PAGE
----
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United Nations (UN) secretary general Antonio Guterres has called for global cooperation to harness the opportunity brought by digital technology and address digital instability and inequality.
Speaking at the launch of the UN’s Roadmap for digital cooperation, Guterres said digital technology has “enormous potential for positive change”, but it can also “magnify existing fault lines and worsen economic and other inequalities”.
He added that the Covid-19 coronavirus pandemic has “magnified the many benefits and harms of the digital world”.
“Technology is enabling the lifesaving work of healthcare providers, allowing businesses to operate remotely, educating our children and connecting us with friends and family,” said the secretary general. “But we have also seen technology gravely misused. Hate speech, discrimination and abuse are on the march in digital spaces.
“Life-threatening cyber attacks on hospital systems threaten to disrupt life-saving care. We are at a critical point for technology governance. Digital connectivity is indispensable, both to overcome the pandemic and for a sustainable and inclusive recovery.
“If we do not come together now around using digital technology for good, we will lose a significant opportunity to manage its impact, and we could see further fragmentation of the internet, to the detriment of all.”
The UN roadmap aims to “connect, respect and protect” people in the digital age, and Guterres sees the UN as a facilitator and a platform to mobilise partnerships and coalitions on a global level, between governments, academia, industry and citizens.
The plan sets out eight main focus areas, including digital connectivity and digital public goods. The report said that although 93% of the world’s population live within physical reach of mobile or internet services, only 53.6% of them use the internet, and in the least developed countries, that figure drops to 19%, leaving a total of 3.6 billion people without internet access globally.
The UN aims to ensure that everyone in the world has safe and affordable access to the internet by 2030.
One of the main barriers is that installing traditional broadband connections are costly, and some countries struggle to finance this. Another issue is market dynamics, where the least developed countries have lower purchasing power. Digital skills are also a barrier to the adoption of digital.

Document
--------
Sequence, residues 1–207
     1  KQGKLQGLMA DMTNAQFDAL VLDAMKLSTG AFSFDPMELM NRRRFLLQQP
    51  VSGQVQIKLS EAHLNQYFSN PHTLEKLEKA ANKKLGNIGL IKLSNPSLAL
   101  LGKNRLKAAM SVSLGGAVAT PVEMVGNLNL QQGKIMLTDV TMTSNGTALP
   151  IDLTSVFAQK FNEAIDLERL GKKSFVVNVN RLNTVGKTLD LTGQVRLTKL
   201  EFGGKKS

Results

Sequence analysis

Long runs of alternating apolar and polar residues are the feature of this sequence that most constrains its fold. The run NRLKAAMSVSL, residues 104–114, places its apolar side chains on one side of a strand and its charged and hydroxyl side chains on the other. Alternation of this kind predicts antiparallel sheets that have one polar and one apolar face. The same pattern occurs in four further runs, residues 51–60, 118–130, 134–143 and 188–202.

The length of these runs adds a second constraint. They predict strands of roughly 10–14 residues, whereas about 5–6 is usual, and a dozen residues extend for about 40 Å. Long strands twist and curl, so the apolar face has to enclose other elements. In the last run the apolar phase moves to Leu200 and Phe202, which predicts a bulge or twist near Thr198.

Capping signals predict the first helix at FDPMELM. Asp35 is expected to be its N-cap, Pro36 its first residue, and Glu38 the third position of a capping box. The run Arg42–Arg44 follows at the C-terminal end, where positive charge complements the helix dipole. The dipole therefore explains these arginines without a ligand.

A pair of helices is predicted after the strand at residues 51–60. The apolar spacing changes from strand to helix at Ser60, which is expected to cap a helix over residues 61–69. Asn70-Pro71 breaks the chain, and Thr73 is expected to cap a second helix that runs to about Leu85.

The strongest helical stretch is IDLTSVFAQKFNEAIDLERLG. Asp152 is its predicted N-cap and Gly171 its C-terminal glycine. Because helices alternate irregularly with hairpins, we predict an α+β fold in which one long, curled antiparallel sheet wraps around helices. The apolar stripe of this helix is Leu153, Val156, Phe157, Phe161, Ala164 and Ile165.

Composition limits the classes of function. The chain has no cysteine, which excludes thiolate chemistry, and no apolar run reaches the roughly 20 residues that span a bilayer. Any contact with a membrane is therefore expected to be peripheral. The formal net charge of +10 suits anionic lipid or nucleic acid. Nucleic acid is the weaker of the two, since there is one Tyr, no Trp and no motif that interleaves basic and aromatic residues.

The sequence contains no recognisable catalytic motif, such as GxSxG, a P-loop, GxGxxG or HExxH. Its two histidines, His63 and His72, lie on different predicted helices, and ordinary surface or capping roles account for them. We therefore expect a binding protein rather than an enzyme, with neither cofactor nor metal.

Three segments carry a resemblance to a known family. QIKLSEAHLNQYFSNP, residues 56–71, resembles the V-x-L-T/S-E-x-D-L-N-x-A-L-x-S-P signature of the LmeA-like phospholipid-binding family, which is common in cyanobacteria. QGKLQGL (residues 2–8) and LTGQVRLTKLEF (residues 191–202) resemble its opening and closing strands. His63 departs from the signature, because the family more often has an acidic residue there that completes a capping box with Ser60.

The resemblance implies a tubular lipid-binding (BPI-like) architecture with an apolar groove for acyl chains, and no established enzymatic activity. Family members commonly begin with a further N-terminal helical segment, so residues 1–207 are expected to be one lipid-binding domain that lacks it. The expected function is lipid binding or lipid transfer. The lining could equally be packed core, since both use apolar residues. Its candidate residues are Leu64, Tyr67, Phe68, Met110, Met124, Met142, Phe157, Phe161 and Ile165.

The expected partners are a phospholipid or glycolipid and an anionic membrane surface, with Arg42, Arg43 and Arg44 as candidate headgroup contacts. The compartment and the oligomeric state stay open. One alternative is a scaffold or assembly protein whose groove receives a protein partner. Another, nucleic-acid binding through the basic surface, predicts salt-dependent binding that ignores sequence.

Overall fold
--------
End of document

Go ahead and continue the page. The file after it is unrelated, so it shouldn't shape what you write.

A central challenge to building an inclusive digital economy is that there are no baselines for the fundamental level of digital connectivity that individuals need to access the online space, said the report. “Identifying such baselines, with flexibility to update them as necessary in the light of technology changes, would enable the development of targets and metrics,” it added.
Access to digital public goods is also a challenge. The report said access to digital solutions is “often limited through copyright regimes and proprietary systems”.
“Most existing digital public goods are not easily accessible because they are often unevenly distributed in terms of the language, content and infrastructure required to access them,” it said, but added that multi-stakeholder initiatives such the Digital Public Goods Alliance and the Global Data Access Framework are working to develop the infrastructure to allow the scaling up of data to “speed up the process for creating quality digital public goods”.
The coronavirus pandemic has highlighted the urgency of ensuring people are not excluded from digital, said the report. Access still remains uneven on a global level, and the digital divide reflects, as well as amplifies, the already existing social and economic inequalities.
“The gender gap in global internet use is a stark example – in two out of every three countries, more men use the internet than women,” said the report. “This gender gap has been growing, rather than narrowing, standing at 17% in 2019, and was even larger in the least developed countries, at 43%.
“The Covid-19 pandemic underscores the urgency in bridging these divides. Digital tools have been a lifeline for millions of people. Without prompt action, there is a risk of layering the current barriers to digital inclusion on top of existing obstacles to development. In looking towards post-Covid-19 economic support for developing countries, digital tools have to be leveraged for these countries, as well as under-served groups, so that recovery efforts build an inclusive digital infrastructure that would accelerate progress for all.”